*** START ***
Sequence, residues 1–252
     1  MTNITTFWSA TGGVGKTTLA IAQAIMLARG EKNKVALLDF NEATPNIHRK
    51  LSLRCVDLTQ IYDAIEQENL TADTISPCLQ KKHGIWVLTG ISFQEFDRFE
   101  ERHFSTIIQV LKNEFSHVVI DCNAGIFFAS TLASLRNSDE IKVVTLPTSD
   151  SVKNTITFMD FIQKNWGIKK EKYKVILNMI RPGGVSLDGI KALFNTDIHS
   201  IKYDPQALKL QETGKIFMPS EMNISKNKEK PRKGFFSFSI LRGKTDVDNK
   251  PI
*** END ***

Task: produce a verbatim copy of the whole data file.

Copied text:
Sequence, residues 1–252
     1  MTNITTFWSA TGGVGKTTLA IAQAIMLARG EKNKVALLDF NEATPNIHRK
    51  LSLRCVDLTQ IYDAIEQENL TADTISPCLQ KKHGIWVLTG ISFQEFDRFE
   101  ERHFSTIIQV LKNEFSHVVI DCNAGIFFAS TLASLRNSDE IKVVTLPTSD
   151  SVKNTITFMD FIQKNWGIKK EKYKVILNMI RPGGVSLDGI KALFNTDIHS
   201  IKYDPQALKL QETGKIFMPS EMNISKNKEK PRKGFFSFSI LRGKTDVDNK
   251  PI